On Wednesday, August 5, AEW announced the launch of “a dynamic membership platform for female wrestling fans,” in the form of AEW Heels. A yearly subscription to this membership platform comes out to $49.99.
Full disclosure, my sisters and I paid for the first AEW Heels event, back around 2020’s Double or Nothing. It was a great time! Fans got to ask roster members questions, and we got to see the women of AEW in a more natural, lighthearted setting. However, it was $20, and if I didn’t have 2 sisters to split the cost with, it never would’ve crossed my mind to attend. Asking fans to pay more than double that, when they don’t know exactly what they’re in for, comes across as shady.
Brandi has spoken a lot about what it means to be a woman in a male-dominated field. She talks about feeling ignored, or feeling that her voice is continuously brushed aside. Perhaps this is blindly optimistic, but I trust that Brandi had good intentions when pitching the idea of AEW Heels to Tony Khan and her fellow higher-ups in the company.
With the announcement of AEW Heels, I’ve seen some LGBTQ people raise concerns over whether the platform will be inclusive to trans women. This is another area where perhaps I’m blindly optimistic, but I have faith that AEW will be fully welcoming to non-cis women fans (I’m saying non-cis as there’s a broad spectrum of women/feminine aligned people). At the very least, the AEW women’s division is pretty diverse, and I’m sure they wish their fanbase to reflect that.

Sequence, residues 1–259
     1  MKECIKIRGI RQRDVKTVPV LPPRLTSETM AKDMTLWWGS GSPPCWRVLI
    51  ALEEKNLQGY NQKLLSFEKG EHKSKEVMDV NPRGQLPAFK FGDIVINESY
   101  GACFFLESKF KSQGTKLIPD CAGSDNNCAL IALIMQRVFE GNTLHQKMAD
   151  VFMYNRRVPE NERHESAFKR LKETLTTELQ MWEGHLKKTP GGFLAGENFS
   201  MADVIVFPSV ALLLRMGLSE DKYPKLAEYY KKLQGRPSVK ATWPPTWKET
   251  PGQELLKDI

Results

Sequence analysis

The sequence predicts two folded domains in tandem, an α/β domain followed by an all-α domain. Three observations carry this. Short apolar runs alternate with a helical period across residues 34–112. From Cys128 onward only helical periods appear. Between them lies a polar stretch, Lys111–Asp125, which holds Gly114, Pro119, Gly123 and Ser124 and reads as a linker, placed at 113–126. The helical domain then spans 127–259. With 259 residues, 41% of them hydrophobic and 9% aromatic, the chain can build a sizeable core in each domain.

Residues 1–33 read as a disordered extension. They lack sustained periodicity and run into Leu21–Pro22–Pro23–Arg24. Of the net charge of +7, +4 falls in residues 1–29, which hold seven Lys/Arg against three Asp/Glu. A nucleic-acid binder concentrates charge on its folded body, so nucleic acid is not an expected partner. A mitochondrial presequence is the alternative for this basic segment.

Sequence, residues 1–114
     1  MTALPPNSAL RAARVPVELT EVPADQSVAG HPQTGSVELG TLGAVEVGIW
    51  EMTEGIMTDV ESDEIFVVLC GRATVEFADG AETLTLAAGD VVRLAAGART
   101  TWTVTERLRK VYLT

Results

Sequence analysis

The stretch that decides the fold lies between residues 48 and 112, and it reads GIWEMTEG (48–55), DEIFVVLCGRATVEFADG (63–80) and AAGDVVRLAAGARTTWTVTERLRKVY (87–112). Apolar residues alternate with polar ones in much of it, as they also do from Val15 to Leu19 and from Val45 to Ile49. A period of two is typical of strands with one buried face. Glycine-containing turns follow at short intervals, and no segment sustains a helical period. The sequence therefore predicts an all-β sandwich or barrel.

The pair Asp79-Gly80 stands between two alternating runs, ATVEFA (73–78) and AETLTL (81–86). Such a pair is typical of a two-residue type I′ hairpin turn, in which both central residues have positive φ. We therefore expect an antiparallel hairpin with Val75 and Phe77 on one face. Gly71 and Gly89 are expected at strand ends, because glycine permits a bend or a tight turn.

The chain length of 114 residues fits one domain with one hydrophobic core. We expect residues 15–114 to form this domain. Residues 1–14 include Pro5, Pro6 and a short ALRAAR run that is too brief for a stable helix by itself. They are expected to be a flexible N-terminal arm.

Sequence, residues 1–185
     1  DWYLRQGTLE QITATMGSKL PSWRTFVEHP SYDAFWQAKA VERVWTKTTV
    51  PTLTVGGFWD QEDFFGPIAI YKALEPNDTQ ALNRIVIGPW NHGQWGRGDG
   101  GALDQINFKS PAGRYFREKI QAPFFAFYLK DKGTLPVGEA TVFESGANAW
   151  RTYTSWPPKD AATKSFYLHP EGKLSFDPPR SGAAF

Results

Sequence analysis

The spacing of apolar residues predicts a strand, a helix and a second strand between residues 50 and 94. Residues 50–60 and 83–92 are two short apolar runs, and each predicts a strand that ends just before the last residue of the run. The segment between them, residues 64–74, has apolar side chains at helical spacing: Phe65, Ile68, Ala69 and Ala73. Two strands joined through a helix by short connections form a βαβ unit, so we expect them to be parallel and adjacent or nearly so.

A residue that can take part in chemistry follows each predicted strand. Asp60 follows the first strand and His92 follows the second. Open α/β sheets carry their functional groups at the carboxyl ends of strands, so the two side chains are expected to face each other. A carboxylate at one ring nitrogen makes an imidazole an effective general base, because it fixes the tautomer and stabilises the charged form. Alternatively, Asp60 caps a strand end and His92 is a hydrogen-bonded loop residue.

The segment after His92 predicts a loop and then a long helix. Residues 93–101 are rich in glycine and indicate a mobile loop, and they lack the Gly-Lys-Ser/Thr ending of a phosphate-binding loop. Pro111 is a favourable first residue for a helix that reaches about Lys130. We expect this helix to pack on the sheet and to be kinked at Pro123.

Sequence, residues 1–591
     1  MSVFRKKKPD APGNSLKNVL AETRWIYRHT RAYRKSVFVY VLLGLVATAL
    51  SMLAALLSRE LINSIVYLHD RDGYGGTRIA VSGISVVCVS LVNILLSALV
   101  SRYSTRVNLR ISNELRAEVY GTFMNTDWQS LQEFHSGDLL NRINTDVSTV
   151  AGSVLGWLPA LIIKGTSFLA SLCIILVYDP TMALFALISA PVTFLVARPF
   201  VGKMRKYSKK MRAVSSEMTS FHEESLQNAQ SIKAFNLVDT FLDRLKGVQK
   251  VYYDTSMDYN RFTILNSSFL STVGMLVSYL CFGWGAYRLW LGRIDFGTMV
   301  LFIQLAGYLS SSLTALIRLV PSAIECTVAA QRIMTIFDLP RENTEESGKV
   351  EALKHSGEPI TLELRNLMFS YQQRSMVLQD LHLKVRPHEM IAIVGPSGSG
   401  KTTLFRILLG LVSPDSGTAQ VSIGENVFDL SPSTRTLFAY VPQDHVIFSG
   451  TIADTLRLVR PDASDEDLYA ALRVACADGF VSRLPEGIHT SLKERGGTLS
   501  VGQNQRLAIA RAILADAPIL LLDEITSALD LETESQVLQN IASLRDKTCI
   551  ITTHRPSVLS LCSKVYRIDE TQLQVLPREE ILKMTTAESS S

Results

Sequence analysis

(And, from a capitalist standpoint, $50 is $50, whether it comes from a cis or a trans woman)
A Seat at the Table
Now, into the negatives. AEW has been dismissive of their women’s division, to say the very least. The latest example of this has been the Women’s Tag Team Tournament being pushed onto YouTube, rather than giving their roster TV time on Dynamite. Of course, the roster has been struggling from injuries, and the fact that much of the roster lives abroad and can’t travel during the pandemic, but this tournament was the perfect chance to introduce new faces and strengthen those on the roster that haven’t been given a proper build.
When considered together, pushing the first women’s tournament to YouTube, and offering women a separate platform feels a lot like giving women a kiddie table to be content with, while the men get to sit at their own, much bigger, much nicer table. It feels greatly dismissive, and while offering a space for women can have benefits, I’m sure I’m not alone when I say that women would prefer to be treated equally to their male colleagues, not just segregated from them.
All in all, I believe Brandi had good intentions when pitching AEW heels. Its price, though, suggests that it’s only for die-hard AEW fans to join. This means that all the input given in the fan club will undoubtedly be positive, and in light of AEW’s mediocre handling of #SpeakingOut, and the continuous brushing aside of their women’s division, AEW deserves criticism. Charging women $50 for what is essentially a Zoom tea party seems tone deaf at best, and money hungry at worst.